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Redistricting Makes the Ballot! Krebs Certifies Amendment T!

Gerrymandering example 1: District 2 splits strong Dem Brown County in two along an arbitrary diagonal, then snakes all the way southeast to grab some Hamlin County Republicans to protect Brock Greenfield's seat in the Legislature.
Gerrymandering example 1: District 2 splits strong Dem Brown County in two along an arbitrary diagonal, then snakes all the way southeast to grab some Hamlin County Republicans to protect Brock Greenfield’s seat in the Legislature.

Merry Christmas, believers in democracy! Secretary of State Shantel Krebs this morning certified the redistricting petition! This summer and fall, Farmers Union collected signatures to submit to South Dakota’s voters a constitutional amendment to create an independent commission to draw South Dakota’s legislative boundaries. The intent is to draw fair boundaries strictly according to population and existing boundaries and to forbid the personal and political considerations that lead our self-interested legislators to draw the gerrymandered boundaries we see in Sioux Falls, Rapid City, Aberdeen, and elsewhere. That anti-gerrymandering proposal will now appear on the 2016 general election ballot as Amendment T.

Using the 5% sample method required by statute, Secretary Krebs calculates that the redistricting petition has 30,335 valid signatures out of 43,198 calculated submitted. That’s a 29.78% error rate, notably better than the 35.87% error rate on the Glodt amendment petition, though still worse than the 24.75% error rate reported for South Dakota ballot question petitions from 2008 to 2014.

Farmers Union hired some of the same out-of-state circulators as Glodt and the fake 18% petitioners. Farmers Union also hired me and some other responsible South Dakota circulators to augment its volunteer efforts. I’ll assert, on the basis of my experience with genuine South Dakota circulators on the referendum petitions last spring, that we South Dakota circulators produced a better validity rate with our patient, honest circulation tactics than the out-of-state mercenaries.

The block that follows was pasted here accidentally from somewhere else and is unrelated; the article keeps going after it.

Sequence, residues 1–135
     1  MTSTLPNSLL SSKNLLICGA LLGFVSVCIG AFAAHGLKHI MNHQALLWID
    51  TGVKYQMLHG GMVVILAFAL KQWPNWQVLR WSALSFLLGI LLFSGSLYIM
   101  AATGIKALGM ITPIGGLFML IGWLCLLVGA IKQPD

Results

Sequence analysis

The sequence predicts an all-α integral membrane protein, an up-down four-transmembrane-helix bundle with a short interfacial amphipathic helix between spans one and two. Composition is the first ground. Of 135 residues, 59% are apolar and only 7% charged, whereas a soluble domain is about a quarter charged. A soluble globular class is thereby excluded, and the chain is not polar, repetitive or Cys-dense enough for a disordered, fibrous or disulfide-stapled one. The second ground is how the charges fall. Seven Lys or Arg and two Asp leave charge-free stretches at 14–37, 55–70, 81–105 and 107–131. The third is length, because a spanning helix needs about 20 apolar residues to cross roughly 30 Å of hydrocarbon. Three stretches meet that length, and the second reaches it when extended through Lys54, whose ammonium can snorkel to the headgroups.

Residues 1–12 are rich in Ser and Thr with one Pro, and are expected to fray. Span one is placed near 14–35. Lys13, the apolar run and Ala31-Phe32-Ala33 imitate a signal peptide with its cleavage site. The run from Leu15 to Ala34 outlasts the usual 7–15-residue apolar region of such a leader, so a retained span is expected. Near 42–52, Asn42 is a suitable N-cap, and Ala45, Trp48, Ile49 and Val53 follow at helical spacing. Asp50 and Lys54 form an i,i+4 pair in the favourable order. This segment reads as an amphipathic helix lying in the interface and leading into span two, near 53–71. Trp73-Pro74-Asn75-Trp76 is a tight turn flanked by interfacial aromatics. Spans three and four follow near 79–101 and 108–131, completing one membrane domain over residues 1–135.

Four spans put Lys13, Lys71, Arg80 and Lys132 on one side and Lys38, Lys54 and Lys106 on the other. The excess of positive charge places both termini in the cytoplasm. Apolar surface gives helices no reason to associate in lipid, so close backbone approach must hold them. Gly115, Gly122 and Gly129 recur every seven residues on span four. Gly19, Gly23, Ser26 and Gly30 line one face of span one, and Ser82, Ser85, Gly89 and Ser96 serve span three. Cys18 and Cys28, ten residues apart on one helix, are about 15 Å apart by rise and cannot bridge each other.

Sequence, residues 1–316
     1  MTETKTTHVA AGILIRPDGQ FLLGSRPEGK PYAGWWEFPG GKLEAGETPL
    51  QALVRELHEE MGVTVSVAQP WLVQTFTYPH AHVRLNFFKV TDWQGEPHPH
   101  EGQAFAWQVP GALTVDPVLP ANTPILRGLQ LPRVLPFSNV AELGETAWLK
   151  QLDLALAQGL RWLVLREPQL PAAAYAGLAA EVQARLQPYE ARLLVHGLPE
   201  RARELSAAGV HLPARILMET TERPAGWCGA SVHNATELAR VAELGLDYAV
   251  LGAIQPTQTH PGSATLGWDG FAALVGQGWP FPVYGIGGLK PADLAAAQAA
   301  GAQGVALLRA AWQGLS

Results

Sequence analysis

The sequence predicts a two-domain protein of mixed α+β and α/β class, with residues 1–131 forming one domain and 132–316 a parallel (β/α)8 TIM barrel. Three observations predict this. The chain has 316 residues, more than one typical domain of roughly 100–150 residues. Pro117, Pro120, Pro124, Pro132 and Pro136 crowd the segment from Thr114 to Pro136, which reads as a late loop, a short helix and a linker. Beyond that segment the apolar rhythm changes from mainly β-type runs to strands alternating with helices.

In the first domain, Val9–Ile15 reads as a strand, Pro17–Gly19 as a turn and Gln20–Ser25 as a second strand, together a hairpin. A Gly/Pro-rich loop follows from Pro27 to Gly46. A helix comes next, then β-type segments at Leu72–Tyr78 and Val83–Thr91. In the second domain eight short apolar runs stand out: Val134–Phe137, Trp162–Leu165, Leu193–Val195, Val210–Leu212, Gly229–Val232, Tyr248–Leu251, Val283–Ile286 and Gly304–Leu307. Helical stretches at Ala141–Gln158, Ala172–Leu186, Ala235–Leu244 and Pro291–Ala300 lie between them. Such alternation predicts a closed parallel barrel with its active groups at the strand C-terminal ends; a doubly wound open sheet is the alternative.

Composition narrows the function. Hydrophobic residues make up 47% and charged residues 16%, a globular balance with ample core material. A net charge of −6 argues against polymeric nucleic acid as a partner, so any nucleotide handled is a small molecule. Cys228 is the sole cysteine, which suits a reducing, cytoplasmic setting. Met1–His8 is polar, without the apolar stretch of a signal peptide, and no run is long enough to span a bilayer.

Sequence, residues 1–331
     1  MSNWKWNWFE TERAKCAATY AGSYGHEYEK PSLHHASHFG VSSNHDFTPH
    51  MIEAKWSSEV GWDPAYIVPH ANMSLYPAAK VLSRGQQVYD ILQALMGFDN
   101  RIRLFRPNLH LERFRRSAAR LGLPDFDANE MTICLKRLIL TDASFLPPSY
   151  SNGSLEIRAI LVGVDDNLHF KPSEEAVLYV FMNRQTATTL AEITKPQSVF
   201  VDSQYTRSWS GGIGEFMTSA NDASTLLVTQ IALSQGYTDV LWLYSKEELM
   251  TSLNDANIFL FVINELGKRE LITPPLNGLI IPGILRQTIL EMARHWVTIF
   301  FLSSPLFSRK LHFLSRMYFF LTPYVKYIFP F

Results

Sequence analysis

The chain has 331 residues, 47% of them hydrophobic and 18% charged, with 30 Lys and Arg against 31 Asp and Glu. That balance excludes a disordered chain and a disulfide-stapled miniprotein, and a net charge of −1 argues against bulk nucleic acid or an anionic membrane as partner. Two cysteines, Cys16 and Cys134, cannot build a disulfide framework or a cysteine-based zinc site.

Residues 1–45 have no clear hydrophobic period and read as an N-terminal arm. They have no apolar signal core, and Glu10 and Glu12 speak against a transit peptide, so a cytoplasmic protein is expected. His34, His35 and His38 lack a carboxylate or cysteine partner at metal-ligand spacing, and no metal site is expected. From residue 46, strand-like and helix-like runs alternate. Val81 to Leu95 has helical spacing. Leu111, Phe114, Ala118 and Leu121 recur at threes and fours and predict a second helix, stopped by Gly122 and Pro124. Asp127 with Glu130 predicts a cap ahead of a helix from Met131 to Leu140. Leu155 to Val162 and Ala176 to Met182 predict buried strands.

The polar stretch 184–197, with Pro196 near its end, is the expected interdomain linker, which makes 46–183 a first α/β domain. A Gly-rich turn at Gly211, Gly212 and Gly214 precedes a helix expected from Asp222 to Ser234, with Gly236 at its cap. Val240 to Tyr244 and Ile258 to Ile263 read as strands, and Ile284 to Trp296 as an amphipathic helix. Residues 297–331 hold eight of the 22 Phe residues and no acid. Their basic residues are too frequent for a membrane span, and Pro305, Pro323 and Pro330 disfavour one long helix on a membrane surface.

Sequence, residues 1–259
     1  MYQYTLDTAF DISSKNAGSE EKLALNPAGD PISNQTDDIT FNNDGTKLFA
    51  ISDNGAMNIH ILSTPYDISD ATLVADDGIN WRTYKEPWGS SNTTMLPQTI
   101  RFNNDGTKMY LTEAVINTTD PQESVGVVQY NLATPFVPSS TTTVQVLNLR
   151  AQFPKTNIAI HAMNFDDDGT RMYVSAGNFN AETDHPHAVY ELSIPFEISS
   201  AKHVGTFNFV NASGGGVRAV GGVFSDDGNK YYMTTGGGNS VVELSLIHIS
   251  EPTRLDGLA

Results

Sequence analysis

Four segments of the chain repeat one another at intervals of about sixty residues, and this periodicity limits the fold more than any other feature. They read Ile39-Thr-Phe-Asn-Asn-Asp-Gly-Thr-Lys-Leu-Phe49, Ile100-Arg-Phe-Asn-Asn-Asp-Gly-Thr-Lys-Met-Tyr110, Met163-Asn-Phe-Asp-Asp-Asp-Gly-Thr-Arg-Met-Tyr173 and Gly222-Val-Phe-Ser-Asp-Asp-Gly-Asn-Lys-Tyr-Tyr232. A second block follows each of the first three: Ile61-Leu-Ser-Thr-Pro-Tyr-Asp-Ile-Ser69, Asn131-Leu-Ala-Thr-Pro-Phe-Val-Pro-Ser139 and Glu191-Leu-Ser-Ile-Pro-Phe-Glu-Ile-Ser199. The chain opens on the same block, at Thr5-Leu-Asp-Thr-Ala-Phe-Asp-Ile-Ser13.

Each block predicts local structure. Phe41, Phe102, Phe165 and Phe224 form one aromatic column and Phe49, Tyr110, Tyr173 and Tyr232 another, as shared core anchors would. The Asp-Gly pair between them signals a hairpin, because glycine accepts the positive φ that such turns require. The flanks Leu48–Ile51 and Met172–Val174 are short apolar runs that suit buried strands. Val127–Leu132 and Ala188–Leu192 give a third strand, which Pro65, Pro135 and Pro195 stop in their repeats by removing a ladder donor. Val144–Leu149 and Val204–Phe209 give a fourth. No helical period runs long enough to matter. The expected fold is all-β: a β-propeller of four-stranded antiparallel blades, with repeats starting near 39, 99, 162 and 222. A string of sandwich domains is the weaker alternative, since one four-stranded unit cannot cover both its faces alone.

By Secretary Krebs’s calculation, the Amendment T petition has a 9.35% cushion. Citizens interested in challenging the redistricting petition now have until January 25* to review the document, identify 2,594 more invalid signatures than the Secretary has calculated, and file an official challenge with the Secretary of State. I estimate the cost of obtaining the Amendment T petition, voter registration list, and labor to check all signatures will be around $13,600.

A workflow note: after taking 31 work days to certify the Glodt petition with over 53,000 calculated signatures, Team Krebs turned around the redistricting petition with over 43,000 signatures in three workdays. The difference is that the Secretary’s staff spent those first 31 days indexing all eight initiative petitions for sampling. The last three days were spent solely checking signatures in the 5% sample from the already indexed redistricting petition sheets. If Secretary Krebs keeps cracking the whip at this rate, I can estimate the completion times for the remaining six petitions:

title issue submitted sigs estimated sigs* work days cert date
S Glodt 52,817 53,687 31 12/21/2015
T Redistricting 40,400 43,198 3 12/24/2015
21 36% rate cap 20,800 19,936 1.5 12/28/2015
U 18% decoy 60,028 62,601 4.2 01/04/2016
22 Anti-Corruption 25,216 26,297 1.8 01/06/2016
V Non-Partisan 39,182 40,862 2.7 01/11/2016
23 Fair Share 30,810 32,131 2.2 01/14/2016
24 MedMar 16,631 17,344 1.2 01/15/2016